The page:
MONMOUTH — By strategic design, there’s no fence surrounding Chick Field. Perhaps it has both helped and hurt Monmouth baseball over the years, because hitting a home run usually requires reaching the parking lot.

Alex Curtis accomplished that Thursday afternoon and erased upset-minding Carrabec’s surprising Class C West quarterfinal lead with one mighty swing.

The senior’s clout off freshman Dustin Crawford traveled at least 350 feet through the air before beginning a triple-digit roll. That stand-up grand slam revived No. 1 Monmouth from its early doldrums and provided the foundation for a 5-4 victory over No. 8 Carrabec.

It was the Mustangs’ second one-run victory over the upstart Cobras of North Anson this spring.

“My coach just told me, if you see your pitch, hit it, and it was almost right down the middle,” Curtis said.

With the Mustangs down 3-0, Brandon Goff led off the bottom of the third with a single before Crawford walked Hunter Richardson and Kyle Fletcher on eight consecutive pitches.

That led to twin conferences — one between Crawford and Carrabec coach Troy Dunphy and another involving Curtis and Monmouth skipper Eric Palleschi.

“I told Al, ‘He just threw eight in a row. If it’s there, don’t miss it. You know you’re going to get a strike. Make sure it’s your strike.’ And he did,” Palleschi said. “I don’t know how many fences hold that. I don’t know of a field that holds that. Maybe Dirigo.”

“You couldn’t have caught it if you were sitting in the back of a pickup truck in the parking lot,” Dunphy quipped.

Conventional wisdom at that point said that Monmouth (16-1) would make a hasty getaway and begin preparations for Saturday’s semifinal at home against Sacopee Valley.

But Carrabec (8-8), which dropped its varsity program for a year in 2011, wasn’t done.

The Cobras pulled even in the fourth. Crawford singled with one out and advanced when Christian Miller reached on a dropped third strike. Walks to Levi Murray and Paul Kaplan pushed home the equalizer and summoned Mr. Baseball finalist Fletcher to the mound as the third Monmouth pitcher.

Fletcher struck out Boog Dunphy looking to escape the jam.

“It’s just what I’ve been doing all year and I’m trying to get used to it,” said Fletcher, who followed Nate Gagne and Nick Sanborn. “I’m used to starting games. You’ve got to find a way to get in your rhythm.”

Phil Rowe’s leadoff single and a two-out double by Goff restored Monmouth’s lead in the bottom of the fourth.

From there, the go-for-broke approach that put the Cobras in position to spring the upset came back to bite them.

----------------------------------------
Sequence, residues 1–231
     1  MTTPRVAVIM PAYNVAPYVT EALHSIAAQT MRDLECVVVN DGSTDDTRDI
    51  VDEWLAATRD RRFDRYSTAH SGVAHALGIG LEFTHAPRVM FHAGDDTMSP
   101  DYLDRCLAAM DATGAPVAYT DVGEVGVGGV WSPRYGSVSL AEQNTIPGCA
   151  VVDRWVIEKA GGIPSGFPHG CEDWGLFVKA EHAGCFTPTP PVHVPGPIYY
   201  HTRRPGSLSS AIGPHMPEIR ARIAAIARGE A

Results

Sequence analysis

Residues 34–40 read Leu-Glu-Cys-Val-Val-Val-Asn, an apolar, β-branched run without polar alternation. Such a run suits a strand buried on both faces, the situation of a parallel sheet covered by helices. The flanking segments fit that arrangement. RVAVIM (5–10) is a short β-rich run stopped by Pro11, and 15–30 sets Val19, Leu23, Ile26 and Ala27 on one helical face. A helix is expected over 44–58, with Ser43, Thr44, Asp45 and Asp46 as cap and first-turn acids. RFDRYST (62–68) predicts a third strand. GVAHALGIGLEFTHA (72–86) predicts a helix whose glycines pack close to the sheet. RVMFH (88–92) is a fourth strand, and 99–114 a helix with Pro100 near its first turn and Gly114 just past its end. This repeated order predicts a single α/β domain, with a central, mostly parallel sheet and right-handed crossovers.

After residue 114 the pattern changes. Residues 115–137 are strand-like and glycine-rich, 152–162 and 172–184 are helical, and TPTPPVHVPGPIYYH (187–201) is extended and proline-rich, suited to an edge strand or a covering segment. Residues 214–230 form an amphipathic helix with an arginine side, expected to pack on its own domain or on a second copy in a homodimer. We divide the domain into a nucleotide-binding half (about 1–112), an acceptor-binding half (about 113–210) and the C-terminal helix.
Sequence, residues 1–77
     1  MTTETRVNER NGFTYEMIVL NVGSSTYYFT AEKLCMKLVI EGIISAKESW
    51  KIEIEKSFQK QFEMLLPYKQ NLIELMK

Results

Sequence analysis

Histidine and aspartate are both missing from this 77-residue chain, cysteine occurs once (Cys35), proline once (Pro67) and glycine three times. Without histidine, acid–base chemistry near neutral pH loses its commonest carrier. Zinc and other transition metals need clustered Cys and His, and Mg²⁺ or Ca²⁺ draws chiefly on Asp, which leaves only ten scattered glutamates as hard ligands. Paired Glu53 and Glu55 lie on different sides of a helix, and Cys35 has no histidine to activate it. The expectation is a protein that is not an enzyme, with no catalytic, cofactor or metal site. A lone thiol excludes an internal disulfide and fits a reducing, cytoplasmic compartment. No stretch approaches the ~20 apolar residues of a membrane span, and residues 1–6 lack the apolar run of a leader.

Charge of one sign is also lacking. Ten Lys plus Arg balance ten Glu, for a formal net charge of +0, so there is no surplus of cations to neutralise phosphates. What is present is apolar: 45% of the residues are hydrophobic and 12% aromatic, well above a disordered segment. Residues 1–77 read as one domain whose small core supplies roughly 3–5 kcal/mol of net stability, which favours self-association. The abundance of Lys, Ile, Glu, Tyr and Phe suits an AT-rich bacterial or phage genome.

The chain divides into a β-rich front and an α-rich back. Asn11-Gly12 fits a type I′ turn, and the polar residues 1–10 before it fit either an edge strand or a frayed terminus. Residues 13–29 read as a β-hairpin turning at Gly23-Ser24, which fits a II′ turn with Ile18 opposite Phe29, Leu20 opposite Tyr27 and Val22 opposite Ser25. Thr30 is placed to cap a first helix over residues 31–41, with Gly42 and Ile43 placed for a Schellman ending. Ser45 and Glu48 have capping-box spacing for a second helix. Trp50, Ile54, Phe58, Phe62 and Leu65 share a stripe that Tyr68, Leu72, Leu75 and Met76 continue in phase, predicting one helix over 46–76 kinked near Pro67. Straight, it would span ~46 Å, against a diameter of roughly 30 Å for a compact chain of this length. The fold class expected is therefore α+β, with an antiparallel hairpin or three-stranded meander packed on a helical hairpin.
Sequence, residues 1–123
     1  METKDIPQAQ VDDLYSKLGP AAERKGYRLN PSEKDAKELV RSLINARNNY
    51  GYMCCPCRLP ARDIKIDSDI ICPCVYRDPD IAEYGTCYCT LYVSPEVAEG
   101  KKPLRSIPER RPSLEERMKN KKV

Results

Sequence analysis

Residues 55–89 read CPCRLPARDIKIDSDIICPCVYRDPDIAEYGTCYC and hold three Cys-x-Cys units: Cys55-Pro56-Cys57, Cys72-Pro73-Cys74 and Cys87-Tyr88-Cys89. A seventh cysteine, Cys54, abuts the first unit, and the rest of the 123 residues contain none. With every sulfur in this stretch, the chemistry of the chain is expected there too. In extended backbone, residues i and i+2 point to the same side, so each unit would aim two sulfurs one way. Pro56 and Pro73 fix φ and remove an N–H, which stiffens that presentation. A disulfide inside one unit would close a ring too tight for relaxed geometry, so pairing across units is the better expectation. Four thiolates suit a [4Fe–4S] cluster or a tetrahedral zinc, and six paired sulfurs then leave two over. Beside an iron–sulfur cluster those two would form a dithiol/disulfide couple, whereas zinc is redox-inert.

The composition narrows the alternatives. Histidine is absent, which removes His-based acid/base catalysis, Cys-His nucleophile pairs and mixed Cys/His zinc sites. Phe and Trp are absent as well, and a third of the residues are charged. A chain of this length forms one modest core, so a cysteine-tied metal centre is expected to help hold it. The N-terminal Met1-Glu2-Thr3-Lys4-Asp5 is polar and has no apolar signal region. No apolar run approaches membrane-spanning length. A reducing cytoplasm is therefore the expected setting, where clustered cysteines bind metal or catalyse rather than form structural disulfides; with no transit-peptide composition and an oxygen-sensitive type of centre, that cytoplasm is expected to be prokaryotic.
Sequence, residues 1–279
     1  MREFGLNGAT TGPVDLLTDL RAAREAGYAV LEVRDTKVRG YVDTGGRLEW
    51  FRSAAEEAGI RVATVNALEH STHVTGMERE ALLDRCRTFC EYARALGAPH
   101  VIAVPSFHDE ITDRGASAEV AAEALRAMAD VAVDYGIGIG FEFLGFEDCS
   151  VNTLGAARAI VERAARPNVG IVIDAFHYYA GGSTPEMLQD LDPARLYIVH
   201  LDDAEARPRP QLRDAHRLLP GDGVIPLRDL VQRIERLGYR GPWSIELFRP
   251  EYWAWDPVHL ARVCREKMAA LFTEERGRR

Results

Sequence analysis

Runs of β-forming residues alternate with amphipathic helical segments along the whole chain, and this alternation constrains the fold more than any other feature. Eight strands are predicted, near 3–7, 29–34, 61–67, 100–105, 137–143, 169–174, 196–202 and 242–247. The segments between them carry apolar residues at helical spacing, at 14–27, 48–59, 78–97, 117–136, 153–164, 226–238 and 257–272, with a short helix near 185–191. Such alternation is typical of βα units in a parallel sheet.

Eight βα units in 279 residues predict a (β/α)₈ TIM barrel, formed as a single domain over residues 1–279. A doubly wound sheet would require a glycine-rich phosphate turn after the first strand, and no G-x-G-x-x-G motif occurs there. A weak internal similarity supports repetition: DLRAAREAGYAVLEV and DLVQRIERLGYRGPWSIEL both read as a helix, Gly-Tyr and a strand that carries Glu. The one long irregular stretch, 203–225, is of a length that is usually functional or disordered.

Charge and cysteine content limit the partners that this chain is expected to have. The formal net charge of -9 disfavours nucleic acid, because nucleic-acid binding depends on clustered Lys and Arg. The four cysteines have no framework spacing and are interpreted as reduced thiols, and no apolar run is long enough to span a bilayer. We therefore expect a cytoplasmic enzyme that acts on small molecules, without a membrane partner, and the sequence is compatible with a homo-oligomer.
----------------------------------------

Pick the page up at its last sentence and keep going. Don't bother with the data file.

In the sixth, singles by Miller, Murray and finally Dunphy with two out appeared enough to plate the tying run. Pinch runner Gabe Dunphy stumbled while rounding third, however, and the Mustangs pegged him at the plate.

“We’re a gutsy team. This is the first time we’ve been in this situation,” Troy Dunphy said. “The only time we scored any runs when we were coming up through was to be gutsy.”

Carrabec fell on the sword again in the seventh.

Will Crawford cranked a leadoff double, but a Sanborn-to-Richardson-to-Jariah Caissie connection caught him trying to snag a triple.

“Safe, out, you’ve got to send him,” his coach said. “When it’s this close of a game, you do that.”

Fletcher nicked Trent Richardson with a two-out offering before Dustin Crawford’s fly out to Goff in center ended it.

Carrabec stole seven bases and took advantage of an uncharacteristic four Monmouth errors.

“First time we played them, they played us tough,” Fletcher said. “They’re very quick and scrappy. They’re a good team, and we figured they would come up here and put up a good fight.”

Miller had an RBI single and later scored on Gagne’s wild pitch to make it 2-0 in the second.

Kaplan and Boog Dunphy walked to ignite the third before Gagne gave way to Sanborn. After a wild pitch advanced the runners, Kaplan booked it home on a delayed steal for a 3-0 advantage.

Carrabec ran into a double play to end the inning, a sign of Monmouth life that perhaps fueled the go-ahead rally.

“We had to battle a little bit, which is good,” Palleschi said. “We haven’t played in a week. They went through graduation, so their routine is off a little bit.”

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